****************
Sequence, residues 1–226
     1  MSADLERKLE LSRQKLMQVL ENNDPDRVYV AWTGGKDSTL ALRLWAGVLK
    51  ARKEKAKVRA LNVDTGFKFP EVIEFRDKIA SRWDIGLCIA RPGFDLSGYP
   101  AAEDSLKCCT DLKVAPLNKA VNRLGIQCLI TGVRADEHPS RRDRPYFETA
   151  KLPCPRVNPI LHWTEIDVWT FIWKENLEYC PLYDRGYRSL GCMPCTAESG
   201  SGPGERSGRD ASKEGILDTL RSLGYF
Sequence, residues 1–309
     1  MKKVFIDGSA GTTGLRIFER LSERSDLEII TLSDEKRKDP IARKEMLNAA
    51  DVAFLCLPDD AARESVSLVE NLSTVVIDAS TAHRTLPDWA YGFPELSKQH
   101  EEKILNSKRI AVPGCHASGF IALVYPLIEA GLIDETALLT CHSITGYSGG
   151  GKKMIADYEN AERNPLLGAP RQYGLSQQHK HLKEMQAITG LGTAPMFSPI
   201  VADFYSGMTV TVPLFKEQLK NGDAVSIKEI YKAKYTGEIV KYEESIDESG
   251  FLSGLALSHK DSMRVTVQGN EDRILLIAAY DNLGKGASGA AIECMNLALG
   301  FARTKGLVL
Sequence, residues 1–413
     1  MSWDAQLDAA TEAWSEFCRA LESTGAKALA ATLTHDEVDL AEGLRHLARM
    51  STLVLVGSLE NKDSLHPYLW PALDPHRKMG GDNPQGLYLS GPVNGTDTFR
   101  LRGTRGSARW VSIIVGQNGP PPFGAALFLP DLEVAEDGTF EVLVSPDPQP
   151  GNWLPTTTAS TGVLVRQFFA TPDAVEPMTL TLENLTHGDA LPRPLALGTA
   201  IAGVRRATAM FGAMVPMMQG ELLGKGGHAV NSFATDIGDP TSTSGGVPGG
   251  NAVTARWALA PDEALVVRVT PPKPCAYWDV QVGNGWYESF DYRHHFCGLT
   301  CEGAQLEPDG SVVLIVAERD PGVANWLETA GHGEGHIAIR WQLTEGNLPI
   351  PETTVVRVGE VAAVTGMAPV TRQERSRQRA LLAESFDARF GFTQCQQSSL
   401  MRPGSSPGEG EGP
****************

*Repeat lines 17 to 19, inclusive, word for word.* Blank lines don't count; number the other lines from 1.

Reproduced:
    51  STLVLVGSLE NKDSLHPYLW PALDPHRKMG GDNPQGLYLS GPVNGTDTFR
   101  LRGTRGSARW VSIIVGQNGP PPFGAALFLP DLEVAEDGTF EVLVSPDPQP
   151  GNWLPTTTAS TGVLVRQFFA TPDAVEPMTL TLENLTHGDA LPRPLALGTA